The political anomie of the figure of a Janus-faced Malayali, militant at home and passive outside Kerala, has stuck deep in contemporary cultural imaginations. While vignettes of remembrances from the first waves of Malayali migration to Ceylon (Sri Lanka), Burma (Myanmar) and Malaysia/Singapore in the early 20th century still appear randomly in contemporary chronicles, it is the exodus to the Gulf Council Countries (GCC) from mid 1970s onwards that has merited beingthe most excessively eulogized, romanticized and trivialized narration of Malayali migrationin literature, films and every other cultural and social discourse. The labor migration and settlers’ journeys from Kerala in the many pasts, have produced social and political leaders in regions where they had migrated to. A typical example is Singapore where a sizable slice of the trade union leadership has been held by Malayalis. Devan Nair who later became president of Singapore was a Malayali trade union leader there. Even now, a good number of persons of Malayali origins are part of the leadership of the People’s Action Party, the ruling party of Singapore.
Nevertheless, the putatively familiar image of Malayalis, militant at home and lacking combativeness in alien milieu in which they have migrated, both within and outside India, has come to stay. The politically radical Malayali who bows down and becomes disciplined in the GCC, the US immigrant Malayali smitten by the charms of the most advanced face of capitalism who laments about the progress that his/her homeland never achieves, the political double-standards of the European Malayali so on and so forth are characteristic examples of this perceived paradox. Malayalam films, including Islamic home video films (a genre popularized by sympathizers of political Islam in Kerala), that dealt with the diaspora experiences have sometimes projected the popular imageries of the paradox in myriad ways. Sometimes the films show local communist heroes who find hard to cope in the rigid apolitical, unorganized labor life in the GCC and sometimes it shows young GCC returned Malayali men struggling to find their ground back home.
But contemporary literature, both regional as well as the emerging pan-Indian immigrant writing from the second generation of GCC diaspora breaks these narrow and rigid caricatures and present the bleak political crises that bring around the unsung fortitudes and the fluid everyday existence of migrant laborers in the Middle East. Deepak Unnikrishnan, in his significant work of fiction set in UAE that is published recently, pertinently calls the immigrant population in the Middle-East as ‘the temporary people’. Malayalis, just as other nationals, are part of a swarming army of subjugated labor, who have no prospects of obtaining citizenship rights or workers’ rights and are helpless victims of an imposingsponsorship arrangement called Kafala, which makes their lives no better than that of bonded laborers of a foreign sponsor. The Malayali organizations in the Middle East and Kerala politicians who use them to fill their party coffers, remain largely indifferent to their plight. I have personally visited some of the ‘labor camps’in UAE, where 10 to 15 workers who work for 16-18 hours every day, dwelling in chocked single rooms.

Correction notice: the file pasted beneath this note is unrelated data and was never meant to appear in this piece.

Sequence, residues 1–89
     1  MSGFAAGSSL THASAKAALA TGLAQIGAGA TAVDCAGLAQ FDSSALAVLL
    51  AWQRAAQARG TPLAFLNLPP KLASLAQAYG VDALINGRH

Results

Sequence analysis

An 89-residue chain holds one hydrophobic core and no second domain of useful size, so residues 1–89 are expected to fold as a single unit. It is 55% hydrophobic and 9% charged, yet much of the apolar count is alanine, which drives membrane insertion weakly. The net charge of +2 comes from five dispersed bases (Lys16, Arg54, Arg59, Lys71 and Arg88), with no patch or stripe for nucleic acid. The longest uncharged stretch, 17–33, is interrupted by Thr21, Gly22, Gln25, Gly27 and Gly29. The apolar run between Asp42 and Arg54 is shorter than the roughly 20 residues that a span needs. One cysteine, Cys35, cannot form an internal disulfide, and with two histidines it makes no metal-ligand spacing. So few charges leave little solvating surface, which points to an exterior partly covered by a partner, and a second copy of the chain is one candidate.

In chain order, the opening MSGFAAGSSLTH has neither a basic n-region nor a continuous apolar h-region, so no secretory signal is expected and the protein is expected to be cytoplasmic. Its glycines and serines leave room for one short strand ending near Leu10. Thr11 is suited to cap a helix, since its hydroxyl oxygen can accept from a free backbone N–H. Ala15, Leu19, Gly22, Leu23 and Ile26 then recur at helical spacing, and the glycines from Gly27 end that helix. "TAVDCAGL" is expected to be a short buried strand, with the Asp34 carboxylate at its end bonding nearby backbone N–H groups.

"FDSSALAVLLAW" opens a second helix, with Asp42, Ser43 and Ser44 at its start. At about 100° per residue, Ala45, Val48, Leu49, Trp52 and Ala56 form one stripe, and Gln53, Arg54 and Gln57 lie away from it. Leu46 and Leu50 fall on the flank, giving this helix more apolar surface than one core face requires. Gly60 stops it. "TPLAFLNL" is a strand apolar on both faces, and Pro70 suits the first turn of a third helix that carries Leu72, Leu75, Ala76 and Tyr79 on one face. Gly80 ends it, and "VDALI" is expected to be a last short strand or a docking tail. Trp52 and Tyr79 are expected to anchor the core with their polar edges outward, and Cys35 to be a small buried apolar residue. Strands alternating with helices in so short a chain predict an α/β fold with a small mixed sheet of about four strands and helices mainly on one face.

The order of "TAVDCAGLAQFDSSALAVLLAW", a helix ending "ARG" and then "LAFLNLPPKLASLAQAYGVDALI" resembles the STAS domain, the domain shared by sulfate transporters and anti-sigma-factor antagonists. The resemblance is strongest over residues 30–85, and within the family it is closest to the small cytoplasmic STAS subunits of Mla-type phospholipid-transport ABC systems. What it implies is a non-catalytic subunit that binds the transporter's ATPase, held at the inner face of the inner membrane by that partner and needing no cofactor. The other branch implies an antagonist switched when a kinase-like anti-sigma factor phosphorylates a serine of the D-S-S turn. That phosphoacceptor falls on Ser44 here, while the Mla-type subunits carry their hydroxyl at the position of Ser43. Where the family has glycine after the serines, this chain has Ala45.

On the other hand, back home, Kerala is proud of a tradition of radical social transformation marked by the emergence of reform movements in second half of the 19th century and first half of the 20th century. A section of the subaltern communities in Kerala responded rapidly to the new opportunities of limited economic mobility opened up by colonial globalization and began to slowly improve their economic prospects. This was followed by an attempt by the leaders of these communities to carve out a political space to articulate their need for social mobility and liberation from the caste structure, which was, in a sense, more regimented than its pan-Indian counterpart.Mass labor migrations during the period from Kerala, as part of the global circulation of plantation labor also helped reinforce some of these political aspirations through global flows of ideas, thoughts and resources.
The atomized modern migrant from Kerala, brokered through formalized global labor conduits and the class/caste-conscious worker rooted in Kerala living a collective memory of this emancipatory politics, belong to two totally different worlds of spatial imaginations. No significant attempt has been made to relate the migrants’ challenges to that of the inter-state migrant labor population in India, or to the intimidating global contexts that have become rigidly nationalistic and parochial and increasingly impervious to any alternative and fluid form of citizenship possibilities. If the discourses about their nostalgia and apolitical existence of the first generation of ‘Gulf Malayali’ failed to understand the larger realm of politics that the immigrants stepped into, the contemporary milieu of jingoistic nationalism across the globe, refuses completely to even bring them into any further visibility.
(The author is Professor at the School of Interdisciplinary Studies, English and Foreign Languages University, Hyderabad)...